MTN South Africa has partnered with Huawei and successfully trialled Africa’s first LTE Licensed Assisted Access (LTE LAA) network at a test site in Pretoria.
LTE LAA is an evolution of the LTE-Unlicensed (LTE-U) mobile technology, which enables LTE to utilise unlicensed spectrum to significantly enhance network capacity.
“The LTE LAA trial was completed by aggregating 15MHz of MTN’s licensed 2 100MHz spectrum with 40MHz of spectrum located within the unlicensed 5GHz band. This achieved a peak downlink throughput of over 400Mbps as measured by the Ookla Speedtest application,” MTN says in a statement.
MTN South Africa CTIO Giovanni Chiarelli says LTE LAA will be a game-changer for the industry and will provide customers with an enhanced network experience.
“We have been hamstrung by the lack of access to certain bands of spectrum, but we are pleased with what we can achieve within the limitations we are working under. MTN has committed substantial capital expenditure, which will help us to augment our network, and we are looking forward to provide our customers with a world-class network that will vault them into the digital age and enable them to undertake demanding applications,” says Chiarelli.
The lack of access to high-value spectrum has compelled mobile operators like MTN to re-farm existing spectrum and combine existing licensed mobile spectrum with unlicensed 5GHz spectrum to increase mobile broadband data speeds.
Last year, it looked as if mobile operators would finally have an opportunity to gain access to in-demand radio frequency spectrum when the Independent Communications Authority of South Africa (ICASA) released an invitation to apply for licences for spectrum in the 700MHz, 800MHz and 2.6GHz bands. However, the North Gauteng High Court interdicted the process in September last year and in February ICASA announced it was delaying the process “until further notice”.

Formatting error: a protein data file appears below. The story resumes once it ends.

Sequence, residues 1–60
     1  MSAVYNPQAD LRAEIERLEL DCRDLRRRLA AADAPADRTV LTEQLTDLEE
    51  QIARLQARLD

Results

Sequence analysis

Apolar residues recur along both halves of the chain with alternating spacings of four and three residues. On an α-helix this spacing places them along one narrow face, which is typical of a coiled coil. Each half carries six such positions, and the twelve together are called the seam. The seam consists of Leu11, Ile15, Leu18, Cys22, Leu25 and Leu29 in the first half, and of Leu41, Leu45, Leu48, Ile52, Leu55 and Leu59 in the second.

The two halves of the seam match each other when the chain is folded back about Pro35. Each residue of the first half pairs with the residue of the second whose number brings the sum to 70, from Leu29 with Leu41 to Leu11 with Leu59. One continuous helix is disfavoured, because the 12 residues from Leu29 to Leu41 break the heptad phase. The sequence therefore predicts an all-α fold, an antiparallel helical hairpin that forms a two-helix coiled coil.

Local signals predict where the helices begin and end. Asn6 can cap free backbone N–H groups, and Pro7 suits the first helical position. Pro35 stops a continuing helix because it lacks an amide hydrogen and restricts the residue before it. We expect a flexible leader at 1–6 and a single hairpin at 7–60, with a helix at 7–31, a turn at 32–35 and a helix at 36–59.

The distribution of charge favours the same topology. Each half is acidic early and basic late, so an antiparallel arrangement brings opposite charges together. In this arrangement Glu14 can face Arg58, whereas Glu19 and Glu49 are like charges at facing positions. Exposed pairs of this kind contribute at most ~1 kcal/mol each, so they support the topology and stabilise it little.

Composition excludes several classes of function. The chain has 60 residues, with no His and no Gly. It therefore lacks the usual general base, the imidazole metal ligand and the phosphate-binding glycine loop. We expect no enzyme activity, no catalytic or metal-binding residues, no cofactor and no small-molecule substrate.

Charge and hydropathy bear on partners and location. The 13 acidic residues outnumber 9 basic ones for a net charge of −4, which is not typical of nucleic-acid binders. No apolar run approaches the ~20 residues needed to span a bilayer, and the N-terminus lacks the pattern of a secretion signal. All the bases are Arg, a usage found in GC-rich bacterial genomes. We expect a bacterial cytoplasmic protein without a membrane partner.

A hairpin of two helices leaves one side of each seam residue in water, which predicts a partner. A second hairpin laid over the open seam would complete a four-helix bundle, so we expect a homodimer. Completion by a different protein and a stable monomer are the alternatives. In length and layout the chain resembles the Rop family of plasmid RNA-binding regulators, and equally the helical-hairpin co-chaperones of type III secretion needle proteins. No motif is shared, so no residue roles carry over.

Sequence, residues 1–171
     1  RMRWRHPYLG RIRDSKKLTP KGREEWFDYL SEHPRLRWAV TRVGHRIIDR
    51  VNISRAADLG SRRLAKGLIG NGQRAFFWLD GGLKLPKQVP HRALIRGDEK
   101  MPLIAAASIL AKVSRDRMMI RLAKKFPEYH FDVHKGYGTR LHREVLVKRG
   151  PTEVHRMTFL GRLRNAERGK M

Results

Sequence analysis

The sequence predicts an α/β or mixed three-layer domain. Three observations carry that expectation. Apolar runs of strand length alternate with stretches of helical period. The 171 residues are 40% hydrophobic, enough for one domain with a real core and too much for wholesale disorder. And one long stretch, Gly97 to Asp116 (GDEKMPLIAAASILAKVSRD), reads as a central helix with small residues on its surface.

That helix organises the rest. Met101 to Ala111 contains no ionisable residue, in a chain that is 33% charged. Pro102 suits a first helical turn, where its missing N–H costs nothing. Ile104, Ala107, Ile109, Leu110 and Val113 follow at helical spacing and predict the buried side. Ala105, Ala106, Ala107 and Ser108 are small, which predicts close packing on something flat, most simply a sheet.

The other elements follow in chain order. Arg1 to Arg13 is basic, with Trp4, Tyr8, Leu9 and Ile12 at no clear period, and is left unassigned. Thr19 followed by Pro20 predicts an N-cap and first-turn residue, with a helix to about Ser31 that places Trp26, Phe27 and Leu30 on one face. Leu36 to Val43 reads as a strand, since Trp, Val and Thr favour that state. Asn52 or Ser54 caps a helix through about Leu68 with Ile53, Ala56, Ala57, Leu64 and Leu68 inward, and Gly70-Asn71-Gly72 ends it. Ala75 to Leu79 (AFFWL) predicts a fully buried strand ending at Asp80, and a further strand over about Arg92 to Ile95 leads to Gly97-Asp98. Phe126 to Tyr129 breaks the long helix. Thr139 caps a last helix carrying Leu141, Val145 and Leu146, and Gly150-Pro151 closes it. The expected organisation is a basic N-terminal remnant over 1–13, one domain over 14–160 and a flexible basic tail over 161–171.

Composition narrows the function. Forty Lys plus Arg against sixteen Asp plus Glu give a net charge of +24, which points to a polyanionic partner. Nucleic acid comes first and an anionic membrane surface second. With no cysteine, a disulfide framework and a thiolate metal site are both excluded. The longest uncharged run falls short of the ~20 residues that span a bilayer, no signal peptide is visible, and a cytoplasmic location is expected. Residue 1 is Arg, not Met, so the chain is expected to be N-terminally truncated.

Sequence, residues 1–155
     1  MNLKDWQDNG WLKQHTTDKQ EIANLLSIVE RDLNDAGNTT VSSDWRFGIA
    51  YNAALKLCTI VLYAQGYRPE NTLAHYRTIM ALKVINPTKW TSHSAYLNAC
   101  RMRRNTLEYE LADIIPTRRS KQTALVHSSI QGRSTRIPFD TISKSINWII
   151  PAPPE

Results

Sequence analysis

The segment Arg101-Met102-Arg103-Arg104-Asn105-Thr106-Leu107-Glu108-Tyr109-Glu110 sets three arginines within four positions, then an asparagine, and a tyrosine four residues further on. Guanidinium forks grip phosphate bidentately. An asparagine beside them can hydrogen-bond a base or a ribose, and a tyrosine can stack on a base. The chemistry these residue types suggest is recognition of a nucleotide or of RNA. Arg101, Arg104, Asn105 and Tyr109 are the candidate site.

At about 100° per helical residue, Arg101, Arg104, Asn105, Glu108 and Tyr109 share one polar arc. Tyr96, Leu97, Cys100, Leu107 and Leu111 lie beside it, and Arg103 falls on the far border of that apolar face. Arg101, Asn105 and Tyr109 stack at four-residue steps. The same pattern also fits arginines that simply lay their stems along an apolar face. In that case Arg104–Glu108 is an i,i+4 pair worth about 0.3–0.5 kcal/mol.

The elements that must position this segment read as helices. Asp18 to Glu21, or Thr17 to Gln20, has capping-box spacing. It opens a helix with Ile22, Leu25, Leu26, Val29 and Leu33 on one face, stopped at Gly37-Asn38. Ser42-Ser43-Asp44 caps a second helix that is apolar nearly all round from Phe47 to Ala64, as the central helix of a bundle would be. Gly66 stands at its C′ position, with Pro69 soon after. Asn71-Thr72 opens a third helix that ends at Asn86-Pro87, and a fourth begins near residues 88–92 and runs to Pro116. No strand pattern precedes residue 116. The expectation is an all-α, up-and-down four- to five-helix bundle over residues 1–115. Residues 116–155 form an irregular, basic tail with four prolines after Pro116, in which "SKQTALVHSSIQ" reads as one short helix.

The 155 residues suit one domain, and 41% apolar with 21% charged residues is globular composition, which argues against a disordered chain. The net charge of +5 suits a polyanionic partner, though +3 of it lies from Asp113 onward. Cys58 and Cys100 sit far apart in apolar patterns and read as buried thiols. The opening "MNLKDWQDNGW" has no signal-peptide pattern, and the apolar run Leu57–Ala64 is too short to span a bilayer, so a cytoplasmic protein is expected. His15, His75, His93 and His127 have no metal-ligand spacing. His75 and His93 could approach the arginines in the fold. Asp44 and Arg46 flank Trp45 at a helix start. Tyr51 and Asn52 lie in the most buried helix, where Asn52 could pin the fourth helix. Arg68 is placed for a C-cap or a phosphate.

Government’s new Integrated ICT Policy White Paper, finalised last year, has also called for a shake-up of the previous policy framework for spectrum allocation.
MTN says that due to the use of the unlicensed 5GHz band, which has a very short-range determined by regulated transmit power limits, LTE LAA will be used for in-building LTE deployments.
“Quality indoor coverage has always been a challenge for operators, and we hope this LTE LAA will considerably address this challenge,” says Chiarelli.
LTE LAA uses the Listen Before Talk functionality to enable it to coexist in the same area as WiFi networks without degrading their performance. MTN says this functionality is the key difference between LTE LAA and the previous LTE-U technology, and is considered critical to ensuring optimal co-existence between WiFi and mobile networks.
Currently, all tests have been conducted on a non-commercial prototype device, as commercial handsets are not widely available. MTN expects that commercial devices that support LTE LAA will be available in the market later this year.